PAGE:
I don’t think it does, no. The only thing I’ve come across while researching small publishers is that there’s less opportunity of getting my book into the local Chapters/Indigo. Small pubs in general don’t do much distribution to brick and mortar stores (depending on the publisher, of course), but there are very few that distribute through Chapters/Indigo.

What advice would you give writers who are in the query process?

Since I’m still here with you (I’m currently querying a YA UF, with a YA mystery waiting in the wings), all I have to say is DON’T QUIT. I know you hear it all the time, but all us writers need to be reminded of it on those days when it feels too hopeless to write a hundred more words, or revise one more chapter, or send out one more query.

Tell us about SWAY.

Sway by Melanie Stanford

Ava Elliot never thought she’d become a couch surfer. But with a freshly minted—and worthless—degree from Julliard, and her dad squandering the family fortune, what choice does she have?

Living with her old high school friends, though, has its own drawbacks. Especially when her ex-fiancé Eric Wentworth drops back into her life. Eight years ago, she was too young, too scared of being poor, and too scared of her dad’s disapproval. Dumping him was a big mistake.

In the most ironic of role reversals, Eric is rolling in musical success, and Ava’s starting at the bottom to build her career. Worse, every song Eric sings is an arrow aimed straight for her regrets.

One encounter, one song too many, and Ava can’t go on like this. It’s time to tell Eric the truth, and make a choice. Finally let go of the past, or risk her heart for a second chance with her first love. If he can forgive her…and she can forgive herself.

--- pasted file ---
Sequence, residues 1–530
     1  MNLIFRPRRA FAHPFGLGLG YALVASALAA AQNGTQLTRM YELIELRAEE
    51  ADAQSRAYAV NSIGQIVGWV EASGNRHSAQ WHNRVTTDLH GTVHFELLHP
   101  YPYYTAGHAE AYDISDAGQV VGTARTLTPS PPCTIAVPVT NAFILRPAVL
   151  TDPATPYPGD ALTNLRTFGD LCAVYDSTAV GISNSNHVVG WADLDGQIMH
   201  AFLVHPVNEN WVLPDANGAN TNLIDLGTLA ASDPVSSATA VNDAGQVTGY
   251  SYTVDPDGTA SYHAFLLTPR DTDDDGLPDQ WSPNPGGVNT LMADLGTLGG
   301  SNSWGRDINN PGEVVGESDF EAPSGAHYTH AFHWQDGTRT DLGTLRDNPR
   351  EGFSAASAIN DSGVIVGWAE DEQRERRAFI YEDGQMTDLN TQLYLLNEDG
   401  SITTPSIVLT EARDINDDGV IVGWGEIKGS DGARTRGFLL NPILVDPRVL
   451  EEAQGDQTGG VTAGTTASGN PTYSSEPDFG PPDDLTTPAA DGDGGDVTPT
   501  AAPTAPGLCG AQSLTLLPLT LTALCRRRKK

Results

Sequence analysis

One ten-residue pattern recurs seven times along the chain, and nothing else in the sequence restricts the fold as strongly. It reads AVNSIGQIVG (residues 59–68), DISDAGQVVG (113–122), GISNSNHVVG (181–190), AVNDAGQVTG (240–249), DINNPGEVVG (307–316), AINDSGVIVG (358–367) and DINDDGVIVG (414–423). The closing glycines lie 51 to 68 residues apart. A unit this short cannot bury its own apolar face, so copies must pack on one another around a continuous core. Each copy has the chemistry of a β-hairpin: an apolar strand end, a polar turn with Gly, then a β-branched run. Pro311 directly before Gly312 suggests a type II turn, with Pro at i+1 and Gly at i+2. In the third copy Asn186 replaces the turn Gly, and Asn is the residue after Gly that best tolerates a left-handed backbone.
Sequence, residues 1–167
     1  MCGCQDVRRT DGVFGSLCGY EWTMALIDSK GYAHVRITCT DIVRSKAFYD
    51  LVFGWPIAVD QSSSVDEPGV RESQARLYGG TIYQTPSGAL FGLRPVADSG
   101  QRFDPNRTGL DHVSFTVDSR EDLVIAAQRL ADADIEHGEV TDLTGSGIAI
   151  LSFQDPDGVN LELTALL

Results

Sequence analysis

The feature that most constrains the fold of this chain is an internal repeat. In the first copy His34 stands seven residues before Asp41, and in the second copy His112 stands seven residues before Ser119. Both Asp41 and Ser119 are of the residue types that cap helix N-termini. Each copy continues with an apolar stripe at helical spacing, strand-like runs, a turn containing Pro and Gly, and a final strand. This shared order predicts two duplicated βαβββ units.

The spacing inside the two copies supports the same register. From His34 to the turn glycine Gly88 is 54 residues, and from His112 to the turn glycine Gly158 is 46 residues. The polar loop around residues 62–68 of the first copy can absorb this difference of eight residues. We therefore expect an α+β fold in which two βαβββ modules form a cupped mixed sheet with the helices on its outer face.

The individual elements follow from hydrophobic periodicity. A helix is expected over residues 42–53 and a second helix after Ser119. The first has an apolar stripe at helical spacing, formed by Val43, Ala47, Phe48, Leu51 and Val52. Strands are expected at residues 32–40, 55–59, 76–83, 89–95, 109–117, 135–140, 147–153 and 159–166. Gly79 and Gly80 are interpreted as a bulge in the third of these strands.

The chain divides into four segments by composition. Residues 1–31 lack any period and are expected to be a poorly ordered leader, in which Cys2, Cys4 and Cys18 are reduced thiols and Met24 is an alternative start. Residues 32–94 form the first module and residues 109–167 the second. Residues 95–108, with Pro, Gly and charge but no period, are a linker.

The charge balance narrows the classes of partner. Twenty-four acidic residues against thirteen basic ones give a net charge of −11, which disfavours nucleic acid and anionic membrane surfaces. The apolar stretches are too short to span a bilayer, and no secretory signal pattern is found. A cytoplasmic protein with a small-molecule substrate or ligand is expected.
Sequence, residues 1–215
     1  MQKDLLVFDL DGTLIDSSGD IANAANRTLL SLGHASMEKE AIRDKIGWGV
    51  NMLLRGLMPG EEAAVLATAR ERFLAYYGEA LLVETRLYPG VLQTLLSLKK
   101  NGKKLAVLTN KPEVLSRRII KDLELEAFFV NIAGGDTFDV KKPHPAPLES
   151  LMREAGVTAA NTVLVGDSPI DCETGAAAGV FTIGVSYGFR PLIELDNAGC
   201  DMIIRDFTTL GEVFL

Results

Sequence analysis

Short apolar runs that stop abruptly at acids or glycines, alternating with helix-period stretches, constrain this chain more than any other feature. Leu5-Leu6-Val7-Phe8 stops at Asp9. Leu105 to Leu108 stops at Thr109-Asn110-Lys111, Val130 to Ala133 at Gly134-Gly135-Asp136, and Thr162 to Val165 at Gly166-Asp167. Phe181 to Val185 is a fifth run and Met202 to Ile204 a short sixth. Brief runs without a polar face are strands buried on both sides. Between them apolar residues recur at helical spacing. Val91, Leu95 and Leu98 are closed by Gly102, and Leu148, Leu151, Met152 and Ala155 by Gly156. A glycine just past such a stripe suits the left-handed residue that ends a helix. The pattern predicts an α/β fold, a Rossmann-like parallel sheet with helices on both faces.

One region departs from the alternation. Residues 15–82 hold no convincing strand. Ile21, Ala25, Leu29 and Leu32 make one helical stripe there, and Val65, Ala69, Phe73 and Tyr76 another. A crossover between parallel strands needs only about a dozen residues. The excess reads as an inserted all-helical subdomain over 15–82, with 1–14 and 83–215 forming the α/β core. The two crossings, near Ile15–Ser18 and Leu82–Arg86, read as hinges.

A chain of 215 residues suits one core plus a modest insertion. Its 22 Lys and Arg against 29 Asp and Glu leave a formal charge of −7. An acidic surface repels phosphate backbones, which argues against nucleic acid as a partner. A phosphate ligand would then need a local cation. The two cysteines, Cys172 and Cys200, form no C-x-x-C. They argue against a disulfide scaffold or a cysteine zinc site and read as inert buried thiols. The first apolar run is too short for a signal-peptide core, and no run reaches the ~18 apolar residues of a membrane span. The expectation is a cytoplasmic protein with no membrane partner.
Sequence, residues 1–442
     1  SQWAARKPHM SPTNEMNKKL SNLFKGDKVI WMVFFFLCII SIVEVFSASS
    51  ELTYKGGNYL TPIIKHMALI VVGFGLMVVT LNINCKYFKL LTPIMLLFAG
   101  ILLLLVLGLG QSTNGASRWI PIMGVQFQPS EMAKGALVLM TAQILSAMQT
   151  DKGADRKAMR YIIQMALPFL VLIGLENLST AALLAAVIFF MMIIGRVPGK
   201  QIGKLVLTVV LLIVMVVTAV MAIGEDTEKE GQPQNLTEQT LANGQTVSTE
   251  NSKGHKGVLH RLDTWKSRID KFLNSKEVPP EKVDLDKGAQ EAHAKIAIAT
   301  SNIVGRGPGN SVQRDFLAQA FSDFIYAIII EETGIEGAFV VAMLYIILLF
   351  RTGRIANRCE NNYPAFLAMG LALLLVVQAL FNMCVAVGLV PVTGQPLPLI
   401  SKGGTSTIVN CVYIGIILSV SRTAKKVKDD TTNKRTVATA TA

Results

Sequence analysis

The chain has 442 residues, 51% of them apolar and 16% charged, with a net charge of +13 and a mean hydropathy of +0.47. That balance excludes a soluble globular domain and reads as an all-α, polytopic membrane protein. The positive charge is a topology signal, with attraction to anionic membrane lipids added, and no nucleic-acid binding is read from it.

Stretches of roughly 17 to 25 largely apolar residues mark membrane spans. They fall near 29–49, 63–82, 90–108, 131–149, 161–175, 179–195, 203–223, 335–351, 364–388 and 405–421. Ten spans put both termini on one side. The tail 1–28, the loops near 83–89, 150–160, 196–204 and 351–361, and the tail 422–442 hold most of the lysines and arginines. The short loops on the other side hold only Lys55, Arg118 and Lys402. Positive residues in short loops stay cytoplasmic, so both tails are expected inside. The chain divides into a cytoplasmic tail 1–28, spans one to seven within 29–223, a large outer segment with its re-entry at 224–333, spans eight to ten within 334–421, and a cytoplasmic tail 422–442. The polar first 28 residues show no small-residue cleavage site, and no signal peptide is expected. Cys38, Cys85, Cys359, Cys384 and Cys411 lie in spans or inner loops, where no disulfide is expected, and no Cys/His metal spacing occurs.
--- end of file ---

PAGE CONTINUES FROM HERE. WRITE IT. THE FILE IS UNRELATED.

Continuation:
Thanks for having me!!! 😀

Sway is due out this winter and I can’t wait to read it. In the meantime, don’t forget to add it to your Goodreads bookshelf

You can find Melanie on:
Her website:

Her publisher is:

Author Interview – Mary Kubica – “The Good Girl”

Okay. So many of you have wondered about the querying process. I started querying a few short weeks ago, and already I’ve had some people ask, “J.R., do you have a book deal yet?”

“Um. No.”

For some, from query to publication can take years.

I came across this interview with Mary Kubica. She’s the author of the best seller, “The Good Girl”. I think her story really illustrates how long the process can be (never mind frustrating and discouraging).

“The Good Girl” almost didn’t make it to publication. Today, it’s a best seller. If you haven’t already read “The Good Girl”, I highly recommend it.

C.H. Armstrong Books

Back in February I started the query process for a literary agent to represent my efforts to have one or both of my novels published.  As a newbie to this process, I had no idea what to expect.  What I’ve experienced, though has been a roller coaster of good and bad…though mostly good.  Not good enough to land an agent yet, but good overall.

Through this process, I’ve wondered about the query process of several published authors.  I’m blessed to count a few of them as friends (or at least friendly acquaintances), so I started asking questions.  One of them told me that she studied literary agents and elected to query only two.  The first responded quickly with a definite no and her second query came back positive.  She’s now a bestselling author of her first novel, and working on her second.

Another author-aquaintance queried countless agents without a single positive response.  Not one…